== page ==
Visits Federal Pen on Different Mission

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Atlanta Journal, MORGAN BLAKE – March 25, 1945

Visits Federal Pen on Different Mission

SUNDAY MORNING at 6:30 this columnist arose with the dawn. It was the earliest since Al Martin used to get me up before day to go fishing. The purpose of this unusual proceeding was to visit the Federal Penitentiary for a meeting with Alcoholics Anonymous group there. The Pen operates on Easter time; it is 9 o’clock there when it is 8 o’clock in Atlanta. The A.A.’s meet every Sunday morning at 9 o’clock. My comrade on the trip was an old buddy, “Herbert B-29 Flynn,” a member of the Atlanta group, one of the finest guys I know.

There are 43 members of the A.A.’s at the prison and for more than an hour we had  most enjoyable fellowship. The membership out there has been growing steadily since its formation some months back. Sitting in with us were Dr. Harris Lipton, psychiatrist at the Pen; one of the assistant wardens, Herbert Cox, and Richard Jordan, brilliant editor of The Atlanta Christian, Pen magazine.

Most gratifying reports were made concerning former members who have been released from prison and are now active members and leaders of groups outside. The lessons these men learned in the A.A’s at the prison are proving valuable to them and none has renewed acquaintance with John Barleycorn, who has played such a dominant part in their law violations.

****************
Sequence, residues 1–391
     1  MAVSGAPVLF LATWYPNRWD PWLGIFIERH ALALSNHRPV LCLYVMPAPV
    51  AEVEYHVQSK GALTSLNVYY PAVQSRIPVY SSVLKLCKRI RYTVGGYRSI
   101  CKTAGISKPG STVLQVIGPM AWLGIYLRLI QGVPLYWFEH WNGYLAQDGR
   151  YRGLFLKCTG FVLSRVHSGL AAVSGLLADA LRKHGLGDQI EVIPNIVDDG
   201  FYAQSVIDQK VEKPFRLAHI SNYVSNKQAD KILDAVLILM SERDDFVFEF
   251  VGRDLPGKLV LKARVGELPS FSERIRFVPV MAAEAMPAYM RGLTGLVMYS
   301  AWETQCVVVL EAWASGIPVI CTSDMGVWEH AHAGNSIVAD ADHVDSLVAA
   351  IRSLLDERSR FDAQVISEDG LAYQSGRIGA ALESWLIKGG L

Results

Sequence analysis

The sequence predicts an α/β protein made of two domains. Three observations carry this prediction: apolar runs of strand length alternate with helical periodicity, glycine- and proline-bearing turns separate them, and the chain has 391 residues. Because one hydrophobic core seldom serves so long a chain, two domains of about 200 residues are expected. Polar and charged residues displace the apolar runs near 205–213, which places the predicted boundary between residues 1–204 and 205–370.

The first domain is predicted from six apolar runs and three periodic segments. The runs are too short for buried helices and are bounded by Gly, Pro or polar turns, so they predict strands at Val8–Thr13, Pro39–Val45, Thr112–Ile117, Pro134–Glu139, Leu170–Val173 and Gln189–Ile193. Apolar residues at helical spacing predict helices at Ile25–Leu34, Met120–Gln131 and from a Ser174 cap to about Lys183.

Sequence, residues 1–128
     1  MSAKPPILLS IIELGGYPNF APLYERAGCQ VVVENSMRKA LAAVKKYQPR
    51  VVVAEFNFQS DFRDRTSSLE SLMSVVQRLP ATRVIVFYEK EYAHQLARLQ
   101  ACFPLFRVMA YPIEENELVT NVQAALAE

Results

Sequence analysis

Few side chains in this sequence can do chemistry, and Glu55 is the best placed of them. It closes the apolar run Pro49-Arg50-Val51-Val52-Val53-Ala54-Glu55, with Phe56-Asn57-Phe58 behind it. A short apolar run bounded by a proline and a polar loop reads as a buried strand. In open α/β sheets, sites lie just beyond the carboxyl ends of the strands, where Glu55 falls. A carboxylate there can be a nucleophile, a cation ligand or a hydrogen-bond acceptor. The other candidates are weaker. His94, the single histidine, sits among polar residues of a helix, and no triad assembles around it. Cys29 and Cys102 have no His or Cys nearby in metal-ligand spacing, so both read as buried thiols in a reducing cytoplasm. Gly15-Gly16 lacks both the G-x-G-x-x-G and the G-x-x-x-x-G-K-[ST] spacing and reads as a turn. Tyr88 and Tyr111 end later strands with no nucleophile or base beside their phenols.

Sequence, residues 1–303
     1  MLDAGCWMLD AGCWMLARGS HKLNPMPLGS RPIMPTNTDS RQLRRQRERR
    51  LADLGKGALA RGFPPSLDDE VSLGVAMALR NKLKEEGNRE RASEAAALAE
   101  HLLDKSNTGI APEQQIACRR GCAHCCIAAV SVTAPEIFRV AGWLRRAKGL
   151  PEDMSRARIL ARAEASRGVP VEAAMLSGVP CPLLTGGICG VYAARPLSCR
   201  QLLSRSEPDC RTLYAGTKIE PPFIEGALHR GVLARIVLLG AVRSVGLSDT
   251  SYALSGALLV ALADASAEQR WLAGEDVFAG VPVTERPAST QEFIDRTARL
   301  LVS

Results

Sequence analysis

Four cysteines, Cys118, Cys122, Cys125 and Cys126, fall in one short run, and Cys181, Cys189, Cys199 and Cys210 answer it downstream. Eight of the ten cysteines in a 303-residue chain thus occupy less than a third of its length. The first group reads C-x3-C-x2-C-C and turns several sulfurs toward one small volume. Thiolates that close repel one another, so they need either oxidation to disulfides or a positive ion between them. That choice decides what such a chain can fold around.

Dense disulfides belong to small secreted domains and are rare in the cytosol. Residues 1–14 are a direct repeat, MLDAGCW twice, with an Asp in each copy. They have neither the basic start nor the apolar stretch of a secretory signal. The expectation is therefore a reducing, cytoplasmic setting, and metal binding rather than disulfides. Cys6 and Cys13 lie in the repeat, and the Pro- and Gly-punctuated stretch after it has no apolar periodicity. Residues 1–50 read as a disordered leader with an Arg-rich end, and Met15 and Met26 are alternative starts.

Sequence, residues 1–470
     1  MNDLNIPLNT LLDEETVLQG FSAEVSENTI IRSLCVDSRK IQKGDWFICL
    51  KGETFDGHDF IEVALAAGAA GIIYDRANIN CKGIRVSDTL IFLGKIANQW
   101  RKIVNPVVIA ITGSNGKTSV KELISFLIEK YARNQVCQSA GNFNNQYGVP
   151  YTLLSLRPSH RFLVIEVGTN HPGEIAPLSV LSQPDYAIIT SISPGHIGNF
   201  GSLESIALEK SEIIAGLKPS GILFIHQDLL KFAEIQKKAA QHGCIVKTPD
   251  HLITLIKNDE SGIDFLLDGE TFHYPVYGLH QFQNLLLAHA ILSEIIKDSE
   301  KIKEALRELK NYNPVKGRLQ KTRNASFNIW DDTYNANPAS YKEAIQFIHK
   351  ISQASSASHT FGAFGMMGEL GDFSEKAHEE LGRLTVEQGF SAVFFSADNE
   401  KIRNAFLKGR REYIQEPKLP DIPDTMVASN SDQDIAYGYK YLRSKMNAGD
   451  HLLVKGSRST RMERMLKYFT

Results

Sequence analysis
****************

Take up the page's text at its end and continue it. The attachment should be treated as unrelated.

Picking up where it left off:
I was much impressed with the caliber of the men of the prison A.A’s, and as I spoke to them
I felt the Spirit of God very strongly . I have every confidence in their sincerity, their forthrightness.

Great Influence for Good

The other day I was talking with a famous Atlanta neurological and he told me that alcoholism was a more acute problem with the medical profession than it has ever been.

“I am very frank to say,” he declared, “that Alcoholics Anonymous is doing the best work with alcoholics of all other agencies put together.

Alcoholics Anonymous is a combination of the skill of the doctor, the psychiatrist and the religious leader. The most vital factor is the recognition that willpower of the individual is futile and that God is essential in the transaction. Humility is a basic Christian virtue, and whether the alcoholic is a Christian or not he must acquire that humility before there is any hope for him. Most all alcoholics are full of ego and the first step is to get this out of their system.

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